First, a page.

Thursday, 18 November 2010

Diary of a Start-Up: Mulling over the concept

Having a good idea is like when you see the girl of your dreams on a train – your heart rate quickens and you get that butterfly feeling in the pit of your stomach (maybe that’s just me though!). When your lighbulb goes off, everything seems possible – you will make the business grow, attract a huge customer base, create jobs, create a company culture, become profitable – sell the business and retire to Monaco! All of those thoughts and more flash through your mind in a micro-second and then it hits you – this is JUST an idea. It’s likely that 1,000 other people have the exact same idea and are at the exact same stage as you – in a nutshell – nowhere.

A concept means nothing. Ideas are ten-a-penny, it is action that counts. Depending on what your background is, having an idea that you love may excite, inspire and thrill you or equally, once the emotive joy has died down, it may scare the living day lights out of you – “I’m actually going to have to DO something” the voice inside says. That’s the difference between a fraction of the population and the rest: where most have an idea and park it neatly on the "To Do" shelf in their mind (probably likely to say, “I had that idea ages ago too” when they read about the latest millionaire who used "their" idea!) the tiny fraction put the concept into action.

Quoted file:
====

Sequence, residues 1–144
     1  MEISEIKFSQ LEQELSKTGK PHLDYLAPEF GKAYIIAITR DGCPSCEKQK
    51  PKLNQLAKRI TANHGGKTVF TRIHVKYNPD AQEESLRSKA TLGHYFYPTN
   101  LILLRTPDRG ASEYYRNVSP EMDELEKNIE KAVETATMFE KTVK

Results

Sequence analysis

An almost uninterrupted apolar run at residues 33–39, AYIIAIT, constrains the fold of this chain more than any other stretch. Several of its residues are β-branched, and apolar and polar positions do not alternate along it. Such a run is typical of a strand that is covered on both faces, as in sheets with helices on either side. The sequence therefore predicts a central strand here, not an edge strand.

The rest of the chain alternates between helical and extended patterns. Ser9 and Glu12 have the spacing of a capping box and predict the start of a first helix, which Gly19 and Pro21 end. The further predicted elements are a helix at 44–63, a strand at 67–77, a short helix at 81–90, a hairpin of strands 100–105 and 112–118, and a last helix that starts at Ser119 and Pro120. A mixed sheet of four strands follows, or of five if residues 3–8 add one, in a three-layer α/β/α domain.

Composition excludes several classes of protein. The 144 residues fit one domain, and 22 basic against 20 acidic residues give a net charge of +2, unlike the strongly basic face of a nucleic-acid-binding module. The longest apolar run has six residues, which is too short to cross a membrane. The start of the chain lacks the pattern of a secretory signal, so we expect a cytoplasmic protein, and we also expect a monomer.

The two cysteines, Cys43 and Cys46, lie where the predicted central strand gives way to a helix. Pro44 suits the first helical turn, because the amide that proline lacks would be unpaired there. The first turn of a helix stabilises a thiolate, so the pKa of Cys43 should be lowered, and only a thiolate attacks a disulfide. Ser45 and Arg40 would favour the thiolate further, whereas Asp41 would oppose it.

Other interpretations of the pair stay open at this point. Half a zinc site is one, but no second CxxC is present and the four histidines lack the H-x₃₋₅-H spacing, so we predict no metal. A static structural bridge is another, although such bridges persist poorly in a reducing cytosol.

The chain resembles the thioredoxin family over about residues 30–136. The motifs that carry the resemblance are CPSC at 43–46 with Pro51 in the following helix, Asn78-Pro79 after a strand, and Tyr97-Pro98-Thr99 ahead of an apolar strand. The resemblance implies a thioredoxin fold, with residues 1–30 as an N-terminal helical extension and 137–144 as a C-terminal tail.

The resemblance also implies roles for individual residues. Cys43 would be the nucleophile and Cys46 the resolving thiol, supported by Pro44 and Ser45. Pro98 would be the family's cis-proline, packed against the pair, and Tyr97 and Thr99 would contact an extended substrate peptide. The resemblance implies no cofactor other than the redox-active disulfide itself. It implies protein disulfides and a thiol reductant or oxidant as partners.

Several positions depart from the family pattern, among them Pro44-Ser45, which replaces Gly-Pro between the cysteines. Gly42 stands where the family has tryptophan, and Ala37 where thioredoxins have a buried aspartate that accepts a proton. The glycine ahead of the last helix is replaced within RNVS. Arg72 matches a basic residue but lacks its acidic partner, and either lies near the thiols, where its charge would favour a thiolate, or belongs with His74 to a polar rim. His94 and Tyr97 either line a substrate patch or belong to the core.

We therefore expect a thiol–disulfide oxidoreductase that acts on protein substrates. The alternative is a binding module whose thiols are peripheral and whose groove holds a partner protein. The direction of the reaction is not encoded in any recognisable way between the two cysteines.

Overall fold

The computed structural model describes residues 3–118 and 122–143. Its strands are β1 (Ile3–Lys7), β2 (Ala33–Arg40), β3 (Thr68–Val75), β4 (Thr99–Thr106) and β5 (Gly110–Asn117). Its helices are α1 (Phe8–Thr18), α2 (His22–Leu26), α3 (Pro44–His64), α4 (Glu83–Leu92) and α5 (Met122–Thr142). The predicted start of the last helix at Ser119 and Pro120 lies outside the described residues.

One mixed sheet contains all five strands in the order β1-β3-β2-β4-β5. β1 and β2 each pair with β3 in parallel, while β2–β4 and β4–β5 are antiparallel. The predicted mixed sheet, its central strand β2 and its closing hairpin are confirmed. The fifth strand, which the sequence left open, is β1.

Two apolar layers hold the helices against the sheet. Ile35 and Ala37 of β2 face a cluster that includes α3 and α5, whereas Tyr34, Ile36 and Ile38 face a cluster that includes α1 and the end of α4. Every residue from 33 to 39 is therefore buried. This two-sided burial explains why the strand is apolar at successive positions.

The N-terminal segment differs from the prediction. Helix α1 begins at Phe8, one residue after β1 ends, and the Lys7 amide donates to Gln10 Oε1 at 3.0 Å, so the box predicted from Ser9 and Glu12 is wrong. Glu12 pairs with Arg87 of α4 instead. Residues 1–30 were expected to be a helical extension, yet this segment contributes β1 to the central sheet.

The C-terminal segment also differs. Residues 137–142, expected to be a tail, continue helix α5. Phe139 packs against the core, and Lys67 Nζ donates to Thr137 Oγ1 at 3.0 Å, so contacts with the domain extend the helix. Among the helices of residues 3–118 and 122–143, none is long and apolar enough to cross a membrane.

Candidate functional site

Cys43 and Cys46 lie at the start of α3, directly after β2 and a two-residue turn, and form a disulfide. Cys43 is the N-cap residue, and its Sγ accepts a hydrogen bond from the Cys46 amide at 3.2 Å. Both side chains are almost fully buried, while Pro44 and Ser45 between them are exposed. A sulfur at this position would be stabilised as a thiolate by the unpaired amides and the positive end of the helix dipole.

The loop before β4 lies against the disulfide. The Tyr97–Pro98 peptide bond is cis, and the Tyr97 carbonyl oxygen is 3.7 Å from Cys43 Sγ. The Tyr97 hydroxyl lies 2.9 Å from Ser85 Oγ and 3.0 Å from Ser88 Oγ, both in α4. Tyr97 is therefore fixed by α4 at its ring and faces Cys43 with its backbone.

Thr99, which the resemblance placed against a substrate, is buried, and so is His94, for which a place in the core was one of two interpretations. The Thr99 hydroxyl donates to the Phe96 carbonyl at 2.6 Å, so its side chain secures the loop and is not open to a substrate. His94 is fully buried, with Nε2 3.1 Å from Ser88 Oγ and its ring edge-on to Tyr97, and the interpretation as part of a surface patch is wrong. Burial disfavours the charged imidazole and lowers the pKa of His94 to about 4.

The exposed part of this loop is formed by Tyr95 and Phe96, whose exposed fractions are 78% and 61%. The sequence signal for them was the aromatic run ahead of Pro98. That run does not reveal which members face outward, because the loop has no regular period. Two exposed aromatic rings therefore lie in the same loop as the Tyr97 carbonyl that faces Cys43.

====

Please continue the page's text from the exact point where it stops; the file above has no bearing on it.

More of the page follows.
What form of action that is depends, but typically, it involves a mixture of discussing it with friends and family and possibly jotting a few ideas down. But what next? When the talking stops and the excitement drains a little – where do you go with the next greatest concept the world has seen?

For me, it was to start with market research. Is there anyone else out there doing what I want to do, what are the barriers that could stop it from happening, who is the competition – would people WANT this at all?

JW

7 comments:

  1. I love this post James. I agree that ideas are cheap, and it is simply the execution that determines a project's degree of success. No exception. Most of us thought about Facebook, or in-flight entertainment, or mobile phones before they were ever invented. Only few take the necessary steps to exploit their ideas and create a business.

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  2. I am going to understand better when reading the whole thing :)

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